Interviewer: Did you have the membership table with the tea room together?
    Danelle Sullivan: No, they were two separate things. It was the third year. Were they together?

    Dan Sullivan: You had them together the second year. The first year everybody was a charter member, so you started it that second year.

    Interviewer: So, the initial charter members were about one hundred, you’re thinking?

    Danelle Sullivan: It could be a little bit more than a hundred. That first festival when I came back from being away there were a whole lot of applications. I had a book that was this big. I gave that to Priscilla and that is the original applications in that one binder of all the charter members are in that one binder that I gave it to Priscilla. I gave her a very nice tote and that’s in there.

    Dan Sullivan: (showed some documents). These are from 2006. They’re originals. These were the lists from my files.

    Danelle Sullivan: Yeah, I know I gave Priscilla all of that. I made sure that they’re here already, so they have all that. I gave Priscilla all those things.

    Interviewer: Ok. Anybody else have a question?

    Maureen Richetelli: Everybody worked so hard.

    Dan Sullivan: You don’t know my computer was buzzing …I sat there at night typing all these lists.

    Danelle Sullivan: I know, I had my kids involved. Like I said when I came back it was a little overwhelming from the festival, and they had all these applications and they had money over here, and money over there.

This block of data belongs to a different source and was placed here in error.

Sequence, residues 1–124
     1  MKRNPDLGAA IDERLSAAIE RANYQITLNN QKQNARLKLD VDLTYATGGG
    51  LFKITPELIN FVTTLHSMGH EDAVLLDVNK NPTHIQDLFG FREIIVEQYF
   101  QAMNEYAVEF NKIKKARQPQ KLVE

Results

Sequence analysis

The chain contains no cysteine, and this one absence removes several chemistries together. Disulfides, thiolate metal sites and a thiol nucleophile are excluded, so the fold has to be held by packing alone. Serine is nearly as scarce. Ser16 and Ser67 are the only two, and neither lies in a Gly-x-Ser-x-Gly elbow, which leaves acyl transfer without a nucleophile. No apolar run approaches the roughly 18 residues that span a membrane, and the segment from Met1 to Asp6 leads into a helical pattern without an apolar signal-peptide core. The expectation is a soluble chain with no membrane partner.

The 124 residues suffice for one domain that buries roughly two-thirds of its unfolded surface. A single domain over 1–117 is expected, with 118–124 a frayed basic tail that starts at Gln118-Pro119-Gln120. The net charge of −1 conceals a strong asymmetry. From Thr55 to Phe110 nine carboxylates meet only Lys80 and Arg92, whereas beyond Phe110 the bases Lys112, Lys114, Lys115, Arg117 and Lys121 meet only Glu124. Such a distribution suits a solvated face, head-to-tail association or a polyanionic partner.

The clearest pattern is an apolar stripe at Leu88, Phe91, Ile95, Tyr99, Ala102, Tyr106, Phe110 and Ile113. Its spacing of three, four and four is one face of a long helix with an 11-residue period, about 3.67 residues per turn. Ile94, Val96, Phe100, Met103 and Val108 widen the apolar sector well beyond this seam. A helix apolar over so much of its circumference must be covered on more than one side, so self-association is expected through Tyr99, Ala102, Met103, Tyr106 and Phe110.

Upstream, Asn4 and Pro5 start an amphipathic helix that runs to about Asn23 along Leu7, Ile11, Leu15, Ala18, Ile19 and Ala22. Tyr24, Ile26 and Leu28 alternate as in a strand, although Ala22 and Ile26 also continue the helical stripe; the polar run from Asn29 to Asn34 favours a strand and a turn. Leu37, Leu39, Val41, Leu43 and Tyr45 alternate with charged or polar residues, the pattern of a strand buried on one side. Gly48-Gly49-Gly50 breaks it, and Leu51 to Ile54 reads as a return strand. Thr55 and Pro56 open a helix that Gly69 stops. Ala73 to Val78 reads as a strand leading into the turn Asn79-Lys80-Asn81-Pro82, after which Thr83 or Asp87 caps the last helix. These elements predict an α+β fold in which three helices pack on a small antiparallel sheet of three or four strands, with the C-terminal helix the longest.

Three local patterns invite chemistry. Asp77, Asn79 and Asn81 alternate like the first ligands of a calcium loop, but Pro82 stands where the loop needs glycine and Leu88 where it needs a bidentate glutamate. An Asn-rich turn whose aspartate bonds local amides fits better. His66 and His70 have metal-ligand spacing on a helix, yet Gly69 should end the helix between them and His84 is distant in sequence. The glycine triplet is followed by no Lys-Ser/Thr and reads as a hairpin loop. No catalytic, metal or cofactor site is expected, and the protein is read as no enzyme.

Dan Sullivan: …but again that’s what made it work, because like she said, she was very worried. So, she would make sure people got cards, because it made them feel if you forgot them already you’re slacking off in the beginning of the Club, and so she took it seriously, and she wanted to make sure people got the cards, or you got a phone call, or, you know, she was always making sure everybody was happy. She made a lot of phone calls just to keep everybody in the loop, because it was hard at first.

    Danelle Sullivan: And there wasn’t very much email, because email was new and not everybody had email.

    Dan Sullivan: People didn’t really know anybody, so she was like the person who tied everyone together. She would introduce other people to other people, because it’s hard when you are first meeting people. So, to make them feel comfortable, she would walk them over to somebody she knew. Sometimes, she’d walk them over to introduce them to me, because I’d be talking to somebody else, and then they’d start talking and so on, and then you felt, you know, once you met people here, you know for whatever reason, once you felt comfortable like that you’d start talking.

    Danelle Sullivan: And I still do that to help people feel more comfortable even at the grocery store! (laughter)

    Maureen Richetelli: We all felt we had a job to do.
    Interviewer: Thank you, Danelle! It sounds like you were a big help to the start of the club!

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  • Dan Sullivan

    Dan Sullivan, First Sergeant at Arms and Charter Member of IHSM
    May 16, 2017
    Main interviewer: Sheila Danehy. Others present are Steve Kraftmiller, Nancy Smith, Maureen Richetelli, Sheila Johnson and Bernard Keilty.

    Interviewer: Dan, how and why did you become involved in the Irish Heritage Society of Milford?

    Dan Sullivan: We had gone to the Fairfield club to see a band or something and have dinner…we were doing dancing there too as well as other things, and on the way Danelle had said, "You know, it’s getting too far. We should start something in Milford.” And just that weekend, I was reading the paper and I said, “Look! There’s two other nuts like you, and they want to have a meeting to start an Irish club!” They were meeting at the nursing home, there, on West River. So we showed up at that meeting.